When you say you’re listening, which type of listening are you really practicing? Of the five types, there’s only one that that’s the kind of deep listening that helps you resolve conflict better, be more persuasive, and strengthen the personal or business relationship.
I once saw Stephen Covey speak about the types of listening. He described a listening continuum that runs from ignoring all the way over on the left, to pretend listening, then selective listening, then attentive listening, and finally to empathic listening on the right.
The first four types of listening
Ignoring doesn’t sound like listening at all, but we recognize it when we’re on the ignored end of it: The other person continuing to type while we’re speaking, or checking their phone multiple times during dinner conversation.
Pretend listening is a patronizing form of listening. Really, we’re just waiting to speak. Very little of what they say is actually registering and we don’t really care what’s on their mind.
Selective listening is listening for the things that will serve us — listening for the holes in their argument, perhaps, or for other things we can use to promote our own position or point of view.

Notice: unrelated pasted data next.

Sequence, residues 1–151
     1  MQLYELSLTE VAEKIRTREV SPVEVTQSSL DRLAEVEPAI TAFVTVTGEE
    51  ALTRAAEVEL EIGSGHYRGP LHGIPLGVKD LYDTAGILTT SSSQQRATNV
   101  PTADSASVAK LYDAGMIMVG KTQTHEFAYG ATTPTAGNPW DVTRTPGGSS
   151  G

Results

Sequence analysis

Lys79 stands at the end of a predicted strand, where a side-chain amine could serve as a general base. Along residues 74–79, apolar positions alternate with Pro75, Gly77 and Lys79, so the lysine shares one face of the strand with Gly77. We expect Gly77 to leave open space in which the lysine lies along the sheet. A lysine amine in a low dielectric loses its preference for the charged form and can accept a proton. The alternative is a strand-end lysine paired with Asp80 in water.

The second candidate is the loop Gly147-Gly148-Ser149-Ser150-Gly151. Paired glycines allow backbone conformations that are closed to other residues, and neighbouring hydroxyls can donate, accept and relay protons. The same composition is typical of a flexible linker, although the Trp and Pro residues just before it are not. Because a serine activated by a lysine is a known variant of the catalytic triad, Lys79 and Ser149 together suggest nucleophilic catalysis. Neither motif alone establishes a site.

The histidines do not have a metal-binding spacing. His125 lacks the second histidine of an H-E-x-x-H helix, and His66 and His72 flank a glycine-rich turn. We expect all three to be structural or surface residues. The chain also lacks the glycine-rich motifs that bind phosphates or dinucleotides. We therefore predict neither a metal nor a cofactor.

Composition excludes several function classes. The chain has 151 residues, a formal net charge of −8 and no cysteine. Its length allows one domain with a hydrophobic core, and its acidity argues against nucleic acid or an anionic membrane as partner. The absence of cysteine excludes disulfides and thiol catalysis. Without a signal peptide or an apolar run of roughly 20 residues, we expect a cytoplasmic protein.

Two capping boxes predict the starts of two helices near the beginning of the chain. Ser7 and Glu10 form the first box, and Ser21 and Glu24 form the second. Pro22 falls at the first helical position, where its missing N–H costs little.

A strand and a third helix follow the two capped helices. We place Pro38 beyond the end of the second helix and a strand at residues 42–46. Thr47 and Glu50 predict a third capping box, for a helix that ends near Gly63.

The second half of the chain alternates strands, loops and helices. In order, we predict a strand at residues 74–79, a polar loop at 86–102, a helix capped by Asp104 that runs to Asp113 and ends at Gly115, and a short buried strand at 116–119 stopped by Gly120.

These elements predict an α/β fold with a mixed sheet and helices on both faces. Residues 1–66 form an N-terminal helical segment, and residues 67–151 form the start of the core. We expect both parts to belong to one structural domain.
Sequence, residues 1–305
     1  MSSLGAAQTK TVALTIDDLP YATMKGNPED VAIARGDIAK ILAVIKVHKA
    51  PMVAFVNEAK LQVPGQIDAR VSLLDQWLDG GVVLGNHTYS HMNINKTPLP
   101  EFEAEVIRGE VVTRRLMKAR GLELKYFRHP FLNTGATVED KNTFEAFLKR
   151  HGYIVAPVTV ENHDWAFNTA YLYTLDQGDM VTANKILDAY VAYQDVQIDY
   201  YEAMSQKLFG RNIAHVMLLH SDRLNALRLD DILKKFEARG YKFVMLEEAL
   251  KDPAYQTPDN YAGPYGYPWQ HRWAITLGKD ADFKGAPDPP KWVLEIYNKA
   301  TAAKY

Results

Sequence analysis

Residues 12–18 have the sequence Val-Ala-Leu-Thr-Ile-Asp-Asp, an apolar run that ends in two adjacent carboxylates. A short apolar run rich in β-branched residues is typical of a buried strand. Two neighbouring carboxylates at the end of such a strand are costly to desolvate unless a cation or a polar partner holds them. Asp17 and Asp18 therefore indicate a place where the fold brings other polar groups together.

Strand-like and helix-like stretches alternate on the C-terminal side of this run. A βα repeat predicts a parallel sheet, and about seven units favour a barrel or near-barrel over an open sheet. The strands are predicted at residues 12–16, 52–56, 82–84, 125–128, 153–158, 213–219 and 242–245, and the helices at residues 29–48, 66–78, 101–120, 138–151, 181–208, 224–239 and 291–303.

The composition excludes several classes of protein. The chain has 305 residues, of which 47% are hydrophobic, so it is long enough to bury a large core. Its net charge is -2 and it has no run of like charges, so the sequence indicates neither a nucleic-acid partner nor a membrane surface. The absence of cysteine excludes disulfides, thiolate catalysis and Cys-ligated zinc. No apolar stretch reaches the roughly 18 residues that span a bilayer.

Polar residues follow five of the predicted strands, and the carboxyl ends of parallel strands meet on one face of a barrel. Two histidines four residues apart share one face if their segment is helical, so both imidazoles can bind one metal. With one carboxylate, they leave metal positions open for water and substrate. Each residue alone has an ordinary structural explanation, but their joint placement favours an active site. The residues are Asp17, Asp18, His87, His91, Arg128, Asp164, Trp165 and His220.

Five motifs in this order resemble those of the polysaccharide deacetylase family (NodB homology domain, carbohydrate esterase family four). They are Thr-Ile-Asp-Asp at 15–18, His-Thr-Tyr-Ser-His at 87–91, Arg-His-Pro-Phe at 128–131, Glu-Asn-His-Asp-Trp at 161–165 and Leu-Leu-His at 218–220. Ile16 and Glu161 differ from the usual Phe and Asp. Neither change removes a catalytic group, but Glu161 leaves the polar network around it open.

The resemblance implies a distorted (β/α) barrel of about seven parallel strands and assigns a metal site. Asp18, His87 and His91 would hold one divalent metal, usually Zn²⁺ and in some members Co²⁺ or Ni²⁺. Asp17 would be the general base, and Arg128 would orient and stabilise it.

Attentive listening is listening so we can do something with what we just heard, like giving advice. We’re paying attention but primarily to feel good about our good listening or our good advice.
Covey drew a vertical line between attentive listening and the fifth type, empathic listening. Everything to the left of that line, he said, is listening from within our own frame of reference. That’s the point of view from which we listen most of the time.
Only empathic listening, to the right of Covey’s line on the continuum, is listening from within the other person’s frame of reference.
How often do we listen with the pure desire to see it the way they see it, to step even briefly into their universe and take a look around? I suspect most of us don’t do it very often, probably not daily, perhaps not even weekly. And during conflict, empathic listening is a very rare animal.
Empathic listening is learnable. It takes no special skill, just a very specific desire: To see things the way they see them, even if we don’t want to or don’t agree with them.